|Born||19 February 1849
Granvin, Hardangerfjord, Norway
|Died||27 July 1937
Balestrand in Sogn og Fjordane, Norway
Hans Dahl was born in the village of Granvin, on the Hardangerfjord, in the county of Hordaland in Norway. His talent was already evident when Dahl was 16 years old. However, it was only after service in the Swedish army that Dahl received artistic education. Hans Dahl was educated first to become an officer and became a lieutenant in 1871. He served in the Bergenske Brigade until 1874. After leaving the army, he apprenticed with Johan Fredrik Eckersberg and Knud Bergslien. He went to Karlsruhe, where he studied under Hans Fredrik Gude and Wilhelm Riefstahl and then to Düsseldorf, where his teachers included Eduard von Gebhardt and Wilhelm Sohn. His art became associated with the Düsseldorf school of painting, which was characterized by finely detailed yet still fanciful landscapes.
Dahl had his first exhibition in Düsseldorf in 1876. Dahl lived in Düsseldorf until 1888, when he moved to Berlin. Almost every summer, he was back to Norway. In 1893, he commissioned the firm of Jacob Digre in Trondheim to build his summer residence. It is located on the banks of the Sognefjord at Balestrand in the county of Sogn og Fjordane. Norwegian painter Adelsteen Normann had settled in Balestrand during 1891. Dahl's villa was of a similar design to the villa built for Normann.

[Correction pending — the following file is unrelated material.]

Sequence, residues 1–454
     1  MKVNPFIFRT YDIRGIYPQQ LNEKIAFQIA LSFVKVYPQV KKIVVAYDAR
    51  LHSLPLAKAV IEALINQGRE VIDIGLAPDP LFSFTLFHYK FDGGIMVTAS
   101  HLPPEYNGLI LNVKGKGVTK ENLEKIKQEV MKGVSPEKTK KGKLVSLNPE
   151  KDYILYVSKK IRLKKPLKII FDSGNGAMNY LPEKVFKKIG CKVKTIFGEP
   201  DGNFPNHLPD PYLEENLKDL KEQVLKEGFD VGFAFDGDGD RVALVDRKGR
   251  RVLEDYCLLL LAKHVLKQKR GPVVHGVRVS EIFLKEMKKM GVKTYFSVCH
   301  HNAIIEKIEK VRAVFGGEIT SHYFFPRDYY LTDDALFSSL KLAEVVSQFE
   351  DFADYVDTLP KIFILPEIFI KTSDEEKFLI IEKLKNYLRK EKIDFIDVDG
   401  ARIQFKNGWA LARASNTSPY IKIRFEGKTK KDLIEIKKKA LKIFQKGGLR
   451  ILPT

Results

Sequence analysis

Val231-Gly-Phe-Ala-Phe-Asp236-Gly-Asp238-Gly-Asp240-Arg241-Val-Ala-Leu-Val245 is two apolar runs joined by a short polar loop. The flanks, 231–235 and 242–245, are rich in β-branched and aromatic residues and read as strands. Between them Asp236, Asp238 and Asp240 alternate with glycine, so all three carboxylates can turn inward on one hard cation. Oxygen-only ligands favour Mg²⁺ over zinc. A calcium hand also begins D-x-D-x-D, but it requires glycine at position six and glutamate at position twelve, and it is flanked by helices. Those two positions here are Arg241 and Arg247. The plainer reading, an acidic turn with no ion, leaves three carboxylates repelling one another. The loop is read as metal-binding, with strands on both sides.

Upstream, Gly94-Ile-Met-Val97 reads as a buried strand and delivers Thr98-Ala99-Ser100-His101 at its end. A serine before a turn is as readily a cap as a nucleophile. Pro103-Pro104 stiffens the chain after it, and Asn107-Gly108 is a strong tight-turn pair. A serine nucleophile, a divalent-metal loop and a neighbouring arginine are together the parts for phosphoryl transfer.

Between 1888 and 1919, Dahl lived mostly in Berlin-Wilmersdorf, and spent only the summer in Balestrand. After 1919, Dahl no longer traveled to Berlin. Balestrand became a much visited tourist destination in western Norway. German emperor, Kaiser Wilhelm II, became one of Dahl's patrons, conferring a professorship upon him in 1910, and visiting Dahl in Balestrand several summers in a row.
Dahl resisted the transition in art from Romanticism to Modernism. In the 1890s a new school of art arose, and artists like Dahl were not very popular in the leading circles in the capital. He was particularly criticised by the art historian Jens Thiis. He was severely criticized by fellow artists especially by Christian Krohg, who was one of the leading figures in the transition from romanticism to naturalism which characterized Norwegian art in this period. Throughout his life, he increasingly narrowed his range of topics. Dahl often described the scenery of the western part of Norway in brilliant sunshine with smiling people in national costumes. His vibrant colors and charming portrayals of young Norwegian girls in their national costume have always been very popular.
Hans Dahl was married to Helene Bewer, the daughter of the German painter Clemens Bewer (1820–1884). Their son was the Norwegian painter Hans Andreas Dahl (1881–1919), who died of tuberculosis at the age of 37.
In 1902 Dahl was appointed knight of the Royal Norwegian Order of St. Olav, 1st class. Hans Dahl died in Balestrand in Sogn og Fjordane during 1937. His grave is located in the churchyard of Tjugum (Tjugum kyrkje).
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